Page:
increases in this area. Leclerc reported 9.2 million euros
in sales of fair trade products in 2004 with a prediction of
15 million in sales for 2005.

5. (SBU) Other players in fair trade industry are the NGOs
and distributors who make fair trade their primary activity.
These include associations and "labeling" enterprises that
not only distribute fair trade items, but also promote them
through awareness campaigns. Among the principal "commerce
equitable" names are Max Havelaar, Alter Eco and
BioEquitable labels. Some super stores have even
implemented their own fair trade certification mark. In
many respects, fair trade has come to be a niche market for
such enterprises.

6. (SBU) In the sphere of civil society, many associations
promote fair trade. The primary French fair trade NGOs are
Max Havelaar France and Plate Forme Francaise du Commerce
Equitable. Max Havelaar represents the original fair trade
certification program, begun in the Netherlands, but has
since been exported to neighboring countries. The Plate
Forme Francaise du Commerce Equitable in particular works
closely with government officials to implement support
programs for fair trade. At the instigation of the Plate
Forme, the first two weeks of May have been designated the
"Quinzaine du Commerce Equitable". This annual event began
in 2001 and continues to mobilize all actors within the fair
trade system to educate the public on this type of commerce.


7. (SBU) The French government seems eager to embrace and
regulate the fair trade industry. After two years of fair
trade discussions by the Association Francaise de
Normalisation (AFNOR), the negotiations failed to produce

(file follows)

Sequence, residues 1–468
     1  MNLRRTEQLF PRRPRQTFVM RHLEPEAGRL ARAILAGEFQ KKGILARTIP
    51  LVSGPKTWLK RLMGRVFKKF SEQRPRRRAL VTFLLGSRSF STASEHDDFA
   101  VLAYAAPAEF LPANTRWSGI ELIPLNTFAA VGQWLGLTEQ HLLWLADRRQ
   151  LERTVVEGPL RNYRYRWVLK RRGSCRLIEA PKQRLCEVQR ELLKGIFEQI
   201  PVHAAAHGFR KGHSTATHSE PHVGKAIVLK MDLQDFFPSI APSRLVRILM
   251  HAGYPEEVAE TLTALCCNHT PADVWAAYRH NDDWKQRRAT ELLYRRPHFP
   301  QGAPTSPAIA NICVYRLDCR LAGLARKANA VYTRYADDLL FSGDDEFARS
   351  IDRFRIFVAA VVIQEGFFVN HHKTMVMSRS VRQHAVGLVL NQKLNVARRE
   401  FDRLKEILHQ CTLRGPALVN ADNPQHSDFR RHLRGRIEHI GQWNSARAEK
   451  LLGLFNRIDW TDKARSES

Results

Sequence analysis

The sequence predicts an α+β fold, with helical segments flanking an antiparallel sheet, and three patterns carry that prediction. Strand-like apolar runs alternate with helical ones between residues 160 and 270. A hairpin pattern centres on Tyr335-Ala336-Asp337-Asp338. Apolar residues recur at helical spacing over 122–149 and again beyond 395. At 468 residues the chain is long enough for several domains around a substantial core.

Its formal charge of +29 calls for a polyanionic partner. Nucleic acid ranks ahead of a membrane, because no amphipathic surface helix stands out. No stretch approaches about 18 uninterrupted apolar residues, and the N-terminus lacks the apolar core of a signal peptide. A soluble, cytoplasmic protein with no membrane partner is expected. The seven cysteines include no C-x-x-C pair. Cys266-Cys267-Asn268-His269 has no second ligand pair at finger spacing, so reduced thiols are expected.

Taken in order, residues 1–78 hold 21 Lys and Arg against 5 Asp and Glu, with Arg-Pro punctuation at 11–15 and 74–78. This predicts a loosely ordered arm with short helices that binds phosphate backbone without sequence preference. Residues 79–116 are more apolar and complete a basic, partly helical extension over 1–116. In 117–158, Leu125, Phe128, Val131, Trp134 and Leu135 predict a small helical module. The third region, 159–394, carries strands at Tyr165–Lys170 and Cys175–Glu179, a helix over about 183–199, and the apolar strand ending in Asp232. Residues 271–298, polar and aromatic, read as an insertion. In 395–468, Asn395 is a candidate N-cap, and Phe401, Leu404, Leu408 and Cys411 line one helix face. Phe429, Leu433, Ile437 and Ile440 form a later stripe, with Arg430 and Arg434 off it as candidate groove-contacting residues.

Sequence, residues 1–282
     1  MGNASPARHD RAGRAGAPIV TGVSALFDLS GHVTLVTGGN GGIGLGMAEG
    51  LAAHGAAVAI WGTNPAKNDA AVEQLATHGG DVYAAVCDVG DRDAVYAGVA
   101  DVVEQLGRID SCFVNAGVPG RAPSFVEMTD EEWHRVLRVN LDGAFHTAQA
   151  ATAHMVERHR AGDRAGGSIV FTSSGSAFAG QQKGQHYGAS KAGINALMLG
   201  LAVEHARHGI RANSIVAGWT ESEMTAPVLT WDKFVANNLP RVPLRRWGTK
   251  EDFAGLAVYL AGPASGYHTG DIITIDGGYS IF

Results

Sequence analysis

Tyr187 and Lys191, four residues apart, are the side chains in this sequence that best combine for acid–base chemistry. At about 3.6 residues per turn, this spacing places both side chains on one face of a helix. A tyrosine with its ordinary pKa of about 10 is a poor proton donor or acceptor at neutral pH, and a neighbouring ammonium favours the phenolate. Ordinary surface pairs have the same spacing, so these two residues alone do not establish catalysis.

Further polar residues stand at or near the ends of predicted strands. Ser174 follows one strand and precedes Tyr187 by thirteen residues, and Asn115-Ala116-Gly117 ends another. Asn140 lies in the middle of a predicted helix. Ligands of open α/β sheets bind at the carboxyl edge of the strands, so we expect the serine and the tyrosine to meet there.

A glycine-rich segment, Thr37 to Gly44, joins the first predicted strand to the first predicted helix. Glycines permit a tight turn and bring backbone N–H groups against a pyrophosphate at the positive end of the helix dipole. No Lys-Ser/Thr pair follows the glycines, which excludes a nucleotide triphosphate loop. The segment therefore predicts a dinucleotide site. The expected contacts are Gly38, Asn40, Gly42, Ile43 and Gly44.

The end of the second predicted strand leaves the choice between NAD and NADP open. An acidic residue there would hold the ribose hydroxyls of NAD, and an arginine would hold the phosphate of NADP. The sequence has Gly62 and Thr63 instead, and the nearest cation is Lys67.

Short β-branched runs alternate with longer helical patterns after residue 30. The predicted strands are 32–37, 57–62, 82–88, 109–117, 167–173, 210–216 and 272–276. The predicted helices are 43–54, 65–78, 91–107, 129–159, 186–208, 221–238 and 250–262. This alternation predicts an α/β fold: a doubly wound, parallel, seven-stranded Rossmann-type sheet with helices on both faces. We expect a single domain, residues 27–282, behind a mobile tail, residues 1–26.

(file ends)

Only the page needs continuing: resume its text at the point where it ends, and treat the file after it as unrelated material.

any consensus on key concerns among the major players in
fair trade. The principal challenges facing fair trade
include durability of this trend, consumer access to fair
trade products and legitimacy of fair trade labels.
8. (SBU) In May 2005 National Assembly Deputy Antoine Herth
submitted a report to then-Prime Minister Raffarin
containing 40 propositions to support the development of
fair trade in France. The report outlines a series of
criteria and controls to create a unified system of fair
trade regulating the current multiplicity of fair trade
labels. After reception of the Herth report, former Prime
Minister Raffarin charged Minister of the Public Sector and
Small Business Christian Jacob with the re-creation of a
national commission on fair trade. Under the auspices of
AFNOR, this commission (led by the interministerial
delegation for social innovation and a social economy) has
undertaken the task of codifying the criteria of fair trade
exchanges to serve as a general reference. Their
conclusions are expected by the end of July 2005.
9. (SBU) The main objective of this commission is the
creation of a French national label designating authentic
fair trade goods. Such a consensus would assign the role of
"fair trade referee" to the GOF; all other fair trade labels
would be submitted to standard French criteria in order to
obtain the national certification mark. Thus the GOF would
create a national code of conduct and validation system for
fair trade comparable to French AOC labels. Minister Jacob
hopes to have such a system for fair trade put in place
during 2006.

10. (SBU) Instead of waiting years for international
agreement, the GOF has decided to produce a national
standard for fair trade. The creation of a French norm on
the subject of fair trade is viewed as a first step towards
a European norm. Once such a norm is established, which
could be a number of years, observers see the EU seeking a
possible WTO status, allowing fair trade items to be
provided "special and different treatment."